Raid targets illegal immigrants

GREENVILLE, S.C. --- Federal agents swept through a chicken processing plant Tuesday, detaining more than 300 people suspected of being illegal immigrants, sending panicked workers screaming through the hallways. Worried relatives collected outside, fearful their loved ones would be deported.


Police and agents ordered all workers at the House of Raeford's Columbia Farms to show identification, according to officials and witnesses. The business had been under scrutiny for months, and the raid comes on the heels of even larger roundups at plants across the country.

Maria Juan, 22, was one of about 50 relatives and friends who huddled at the edge of the plant after the raid, some weeping and others talking frantically on cell phones. She was seeking information about her 68-year-old grandmother, a legal immigrant from Guatemala who went to work without identification papers but was later released.

"Families are going to be broken apart," Ms. Juan said. "There will be kids and babies left behind. Why are they doing this? Why? They didn't do anything. They only wanted to work."

Workers began running down hallways crying and screaming, said Herbert Rooker, 54, a third-shift janitor. He wore a blue band on his wrist, indicating agents had determined he was in the country legally. He had to duck into a bathroom to avoid what he called a stampede of people.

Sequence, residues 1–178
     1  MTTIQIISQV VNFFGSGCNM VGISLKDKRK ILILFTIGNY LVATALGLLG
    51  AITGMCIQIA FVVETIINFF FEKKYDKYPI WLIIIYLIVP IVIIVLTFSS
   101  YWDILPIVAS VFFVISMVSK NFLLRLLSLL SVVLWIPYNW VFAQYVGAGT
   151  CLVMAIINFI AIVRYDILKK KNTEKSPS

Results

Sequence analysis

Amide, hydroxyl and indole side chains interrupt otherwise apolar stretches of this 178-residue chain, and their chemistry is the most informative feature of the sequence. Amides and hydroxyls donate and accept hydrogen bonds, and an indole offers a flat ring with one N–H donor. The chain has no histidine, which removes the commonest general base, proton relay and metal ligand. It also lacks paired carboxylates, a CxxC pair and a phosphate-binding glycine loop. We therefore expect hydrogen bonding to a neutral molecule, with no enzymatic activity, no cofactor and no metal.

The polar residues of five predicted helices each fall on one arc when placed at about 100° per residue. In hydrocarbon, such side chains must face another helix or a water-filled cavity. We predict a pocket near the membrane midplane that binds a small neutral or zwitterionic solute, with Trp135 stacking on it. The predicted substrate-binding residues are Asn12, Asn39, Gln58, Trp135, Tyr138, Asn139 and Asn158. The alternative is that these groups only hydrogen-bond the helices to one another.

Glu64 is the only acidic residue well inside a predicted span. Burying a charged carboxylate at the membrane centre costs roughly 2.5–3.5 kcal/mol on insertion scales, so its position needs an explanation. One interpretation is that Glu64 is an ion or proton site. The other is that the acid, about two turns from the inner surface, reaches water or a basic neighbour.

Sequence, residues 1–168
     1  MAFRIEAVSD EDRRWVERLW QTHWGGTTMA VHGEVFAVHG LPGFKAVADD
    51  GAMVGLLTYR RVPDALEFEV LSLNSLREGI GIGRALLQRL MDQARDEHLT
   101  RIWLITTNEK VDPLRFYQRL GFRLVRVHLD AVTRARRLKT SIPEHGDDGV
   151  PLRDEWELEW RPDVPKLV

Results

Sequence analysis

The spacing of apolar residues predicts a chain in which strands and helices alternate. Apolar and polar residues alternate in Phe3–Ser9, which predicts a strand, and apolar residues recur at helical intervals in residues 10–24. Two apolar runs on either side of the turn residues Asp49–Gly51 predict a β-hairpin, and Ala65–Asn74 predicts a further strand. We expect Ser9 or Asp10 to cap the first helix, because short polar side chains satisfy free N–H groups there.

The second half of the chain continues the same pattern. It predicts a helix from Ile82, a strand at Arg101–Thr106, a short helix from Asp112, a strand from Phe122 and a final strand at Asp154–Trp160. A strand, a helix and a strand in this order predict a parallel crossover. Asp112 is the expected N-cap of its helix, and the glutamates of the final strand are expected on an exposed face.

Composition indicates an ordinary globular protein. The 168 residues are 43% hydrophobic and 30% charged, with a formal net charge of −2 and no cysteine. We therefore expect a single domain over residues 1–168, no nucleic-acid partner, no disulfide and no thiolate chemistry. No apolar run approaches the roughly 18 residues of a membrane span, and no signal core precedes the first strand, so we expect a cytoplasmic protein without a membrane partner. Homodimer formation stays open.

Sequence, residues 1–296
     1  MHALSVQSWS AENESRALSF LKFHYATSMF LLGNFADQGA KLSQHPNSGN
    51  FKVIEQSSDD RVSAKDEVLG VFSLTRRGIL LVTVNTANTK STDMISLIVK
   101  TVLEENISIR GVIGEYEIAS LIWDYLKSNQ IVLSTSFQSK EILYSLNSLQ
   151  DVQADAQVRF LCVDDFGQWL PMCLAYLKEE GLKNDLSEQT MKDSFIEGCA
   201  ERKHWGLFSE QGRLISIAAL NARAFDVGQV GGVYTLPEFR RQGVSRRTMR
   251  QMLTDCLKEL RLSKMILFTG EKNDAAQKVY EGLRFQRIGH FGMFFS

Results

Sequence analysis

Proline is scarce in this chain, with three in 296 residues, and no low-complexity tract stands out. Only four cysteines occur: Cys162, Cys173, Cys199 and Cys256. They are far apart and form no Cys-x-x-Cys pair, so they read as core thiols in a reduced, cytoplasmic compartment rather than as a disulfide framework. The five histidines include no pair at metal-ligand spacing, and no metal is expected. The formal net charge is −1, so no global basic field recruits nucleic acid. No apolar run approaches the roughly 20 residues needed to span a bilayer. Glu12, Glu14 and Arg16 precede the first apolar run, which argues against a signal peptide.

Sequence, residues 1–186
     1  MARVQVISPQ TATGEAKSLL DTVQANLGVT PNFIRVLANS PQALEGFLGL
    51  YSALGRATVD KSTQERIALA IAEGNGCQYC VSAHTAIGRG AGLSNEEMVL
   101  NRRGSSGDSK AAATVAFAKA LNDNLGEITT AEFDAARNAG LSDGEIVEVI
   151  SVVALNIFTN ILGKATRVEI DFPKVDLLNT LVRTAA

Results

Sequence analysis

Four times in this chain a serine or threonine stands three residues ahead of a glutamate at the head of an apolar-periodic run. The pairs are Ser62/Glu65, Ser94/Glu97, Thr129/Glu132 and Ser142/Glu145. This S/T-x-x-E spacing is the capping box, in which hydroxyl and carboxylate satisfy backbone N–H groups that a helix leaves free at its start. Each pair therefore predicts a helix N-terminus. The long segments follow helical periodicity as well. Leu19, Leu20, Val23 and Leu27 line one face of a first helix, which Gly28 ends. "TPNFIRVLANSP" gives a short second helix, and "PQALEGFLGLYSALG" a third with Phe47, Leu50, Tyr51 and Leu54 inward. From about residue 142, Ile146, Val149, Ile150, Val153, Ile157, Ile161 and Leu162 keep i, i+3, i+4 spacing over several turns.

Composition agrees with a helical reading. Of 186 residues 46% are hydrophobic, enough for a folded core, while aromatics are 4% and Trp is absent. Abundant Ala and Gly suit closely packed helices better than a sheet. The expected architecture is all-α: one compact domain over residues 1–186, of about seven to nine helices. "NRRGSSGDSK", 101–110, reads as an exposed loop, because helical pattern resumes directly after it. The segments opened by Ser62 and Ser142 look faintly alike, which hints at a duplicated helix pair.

Immigration officials kept the workers inside, spending most of the morning trying to figure out how many are in the country illegally, Assistant U.S. Attorney Kevin McDonald said.

The number could be substantial. A recent review found that immigration paperwork for more than 775 of 825 workers contained false information, Mr. McDonald said. Immigration agents scoured the plant for paperwork and other information for the investigation.

House of Raeford processes chickens and turkeys in eight plants in North Carolina, South Carolina, Georgia, Louisiana and Michigan. A sales manager at the Greenville plant referred questions to the company's Rose Hill, N.C., headquarters, where a woman answering the phone said there was no immediate comment.

Federal prosecutors and immigration agents have been investigating the plant's hiring practices for several months. Eleven supervisors and the plant's human resources director have been charged, most accused of falsifying documents. Seven have pleaded guilty, three are awaiting trial and two have fled, Mr. McDonald said.